Mental health problems represent the largest single cause of disability in the UK, costing the economy an estimated at £105 billion a year. The important task of improving mental health care has come in to focus this week with the publication of NHS England’s Implementation Plan for the Five Year Forward View for Mental Health and an announcement from the Big Lottery Fund that an additional £55million of funding will be given to Headstart mental health prevention projects.
Since 2015, UCLPartners have been focussed on improving mental health care, supporting our partners to deliver theFive Year Forward View for Mental Health. We strongly welcome both the implementation plan and the funding announcement, which will enable us to continue supporting our partners to improve the lives of thousands of children and adults with mental health problems.
Released on Tuesday 19 July, the Implementation Plan for the Five Year Forward View for Mental Health, details how services will be improved as a result of a major transformation programme for mental health care. Those with conditions such as psychosis, depression and anxiety are set to be amongst the first to benefit from the improved services laid out in the plan.
The report details how new funding, pledged in response to the Five Year Forward View for Mental Health, rising to £1 billion a year by 2020/21 in addition to the cumulative £1.4 billion already committed for children, young people and perinatal care, will be made available for CCGs year on year. It also shows how the workforce requirements will be delivered in each priority area and outlines how data, payment and other system levers will support transparency. Read the full plan here.
To date UCLPartners work has had a particular focus on children and young people’s mental health. Work we’ve supported to improve mental health includes:
Islington Mental Health and Resilience in Schools – A quality improvement project, led by Islington Council, that works across schools to improve support for pupil’s emotional resilience. To date, this programme has:
- Audited current activity in schools against an evidenced framework
- Supported schools to implement quality improvement initiatives
- Developed of a toolkit to support other schools through the process.
UCLPartners have seconded a member of staff to Islington Council to lead this project.
More than Mentors Peer mentoring- More than Mentors is a peer mentoring intervention which aims to promote emotional resilience in adolescents. Its development was facilitated by UCLPartners with a small grant from a joint Newham CCG and UCLPartners Programme. This mentoring programme has been developed by East London mental health psychologists, psychiatrists and youth practitioners with support from young people, academics and advice from local and regional voluntary sector colleagues, schools and commissioners.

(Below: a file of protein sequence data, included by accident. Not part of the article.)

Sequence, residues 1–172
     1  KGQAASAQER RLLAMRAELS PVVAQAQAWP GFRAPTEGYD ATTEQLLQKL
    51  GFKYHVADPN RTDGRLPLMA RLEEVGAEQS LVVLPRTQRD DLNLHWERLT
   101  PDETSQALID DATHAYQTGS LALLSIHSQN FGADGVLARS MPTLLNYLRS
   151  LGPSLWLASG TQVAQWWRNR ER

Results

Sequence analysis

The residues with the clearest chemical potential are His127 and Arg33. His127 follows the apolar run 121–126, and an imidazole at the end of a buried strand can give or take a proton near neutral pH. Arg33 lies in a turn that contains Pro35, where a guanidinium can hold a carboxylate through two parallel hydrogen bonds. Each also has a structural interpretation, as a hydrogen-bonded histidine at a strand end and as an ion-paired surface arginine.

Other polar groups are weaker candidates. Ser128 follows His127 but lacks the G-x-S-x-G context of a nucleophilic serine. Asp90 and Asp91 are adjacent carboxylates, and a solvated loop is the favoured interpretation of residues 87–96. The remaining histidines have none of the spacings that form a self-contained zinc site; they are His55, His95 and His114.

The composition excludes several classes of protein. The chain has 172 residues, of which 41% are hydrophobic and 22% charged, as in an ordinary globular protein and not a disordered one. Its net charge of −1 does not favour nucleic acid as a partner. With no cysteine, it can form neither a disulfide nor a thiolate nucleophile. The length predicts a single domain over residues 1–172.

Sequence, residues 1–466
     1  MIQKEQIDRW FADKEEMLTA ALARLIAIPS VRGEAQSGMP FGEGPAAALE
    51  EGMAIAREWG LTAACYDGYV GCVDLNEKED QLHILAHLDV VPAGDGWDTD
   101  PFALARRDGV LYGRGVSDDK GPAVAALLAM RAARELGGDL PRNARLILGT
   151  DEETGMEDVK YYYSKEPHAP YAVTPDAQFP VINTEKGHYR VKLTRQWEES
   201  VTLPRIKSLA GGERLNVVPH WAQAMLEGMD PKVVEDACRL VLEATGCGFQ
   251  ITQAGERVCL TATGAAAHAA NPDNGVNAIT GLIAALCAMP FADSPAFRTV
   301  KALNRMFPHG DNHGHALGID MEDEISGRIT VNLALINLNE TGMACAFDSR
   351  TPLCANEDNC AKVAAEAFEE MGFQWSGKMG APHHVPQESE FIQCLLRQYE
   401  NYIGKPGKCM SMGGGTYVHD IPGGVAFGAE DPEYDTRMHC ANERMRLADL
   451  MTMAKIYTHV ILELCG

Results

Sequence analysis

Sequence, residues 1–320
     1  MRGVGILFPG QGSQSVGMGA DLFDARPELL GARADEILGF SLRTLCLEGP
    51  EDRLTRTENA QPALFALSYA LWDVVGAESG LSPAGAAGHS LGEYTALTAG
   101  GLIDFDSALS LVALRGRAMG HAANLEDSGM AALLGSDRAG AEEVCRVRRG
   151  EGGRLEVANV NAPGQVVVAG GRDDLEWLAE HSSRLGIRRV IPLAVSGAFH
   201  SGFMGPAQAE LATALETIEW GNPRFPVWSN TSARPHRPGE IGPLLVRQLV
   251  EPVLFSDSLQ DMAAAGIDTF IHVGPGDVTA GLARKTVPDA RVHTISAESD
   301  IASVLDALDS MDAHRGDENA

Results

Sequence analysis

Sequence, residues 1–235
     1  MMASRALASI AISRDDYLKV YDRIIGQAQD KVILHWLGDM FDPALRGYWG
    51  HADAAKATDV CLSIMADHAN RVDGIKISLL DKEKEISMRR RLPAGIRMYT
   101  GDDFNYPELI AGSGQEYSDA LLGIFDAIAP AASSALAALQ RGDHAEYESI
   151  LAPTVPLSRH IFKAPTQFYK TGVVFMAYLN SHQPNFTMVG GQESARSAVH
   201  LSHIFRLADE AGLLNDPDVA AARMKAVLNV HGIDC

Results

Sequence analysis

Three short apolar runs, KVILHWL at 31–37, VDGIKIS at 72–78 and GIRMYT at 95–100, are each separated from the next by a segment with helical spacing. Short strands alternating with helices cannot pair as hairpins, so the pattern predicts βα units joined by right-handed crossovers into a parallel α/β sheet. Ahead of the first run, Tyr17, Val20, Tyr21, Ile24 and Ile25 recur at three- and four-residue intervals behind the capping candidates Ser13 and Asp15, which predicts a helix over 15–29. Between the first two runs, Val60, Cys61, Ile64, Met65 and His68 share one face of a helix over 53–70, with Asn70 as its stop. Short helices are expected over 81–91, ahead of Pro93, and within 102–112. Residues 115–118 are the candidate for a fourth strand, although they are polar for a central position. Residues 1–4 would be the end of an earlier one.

A pilot of this mentoring model revealed an increase in the resilience of mentees taking part.
UCLPartners has subsequently supported a consortium led by Community Links in East London who have secured a three-year funding grant from the Department of Health to take this important work forward.
Headstart Newham – Delivered by the London Borough of Newham and partners, this programme aims to ensure young people aged between 10 and 16 at risk of developing mental health problems are provided with effective support from their school, teachers, parents and peers. UCLPartners have facilitated the development of this programme through the secondment of Simon Munk, Programme Manager for Children and Young People’s Mental Health.
A range of initiatives developed by the programme have been successfully piloted in 16 schools and youth zones across Newham thanks to an initial £840,000 of Big Lottery Funding.
The newly announced Big Lottery funding boost will provide £10 million to the London Borough of Newham, enabling the Headstart Newham project to be rolled out across 16 of the borough’s secondary schools as well as 40 primary schools, youth zones and other community venues.
The Child Health Intelligence Platform (CHIP) – This information based tool, developed by UCLPartners in collaboration with Concentra, will enable local boroughs and CCGs to assess their progress in improving health services (including mental health) for children and young people by allowing them to collate and analyse data on a local, regional, and national scale. As part of a NWL Consortium contract, UCLPartners has been contracted by the Anna Freud Centre to complete a needs assessment of mental health in eight boroughs in North West London using Mental Health Intelligence Platform technology, which CHIP is based on.
CHIP will ultimately inform local boroughs about services that can be implemented to both improve health outcomes and reduce health care expenditure.
Much work still remains to be done to improve outcomes for those with mental ill health but this week’s announcements are a step in the right direction and demonstrate that this important topic remains a clear focus for both the NHS and local authorities.
Speaking about the implementation plan, Claire Murdoch, NHS England’s new National Director for Mental Health said:“This roadmap for implementing the Five Year Forward View for Mental Health will improve access and outcomes, reduce inequality and deliver efficiencies across the local health and care economy.”
Professor Peter Fonagy, Programme Director for the Academic Health Science Network Integrated Mental Health Programme said: “NHS England is on the way to restoring parity for mental health. We have some way to go but the implementation plan for the Five Year Forward View for Mental Health is a very significant step for the individuals and families whose lives are thrown into disarray by mental health problems. It is gratifying that this priority area for UCLPartners is now fully accepted by the NHS as its priority.”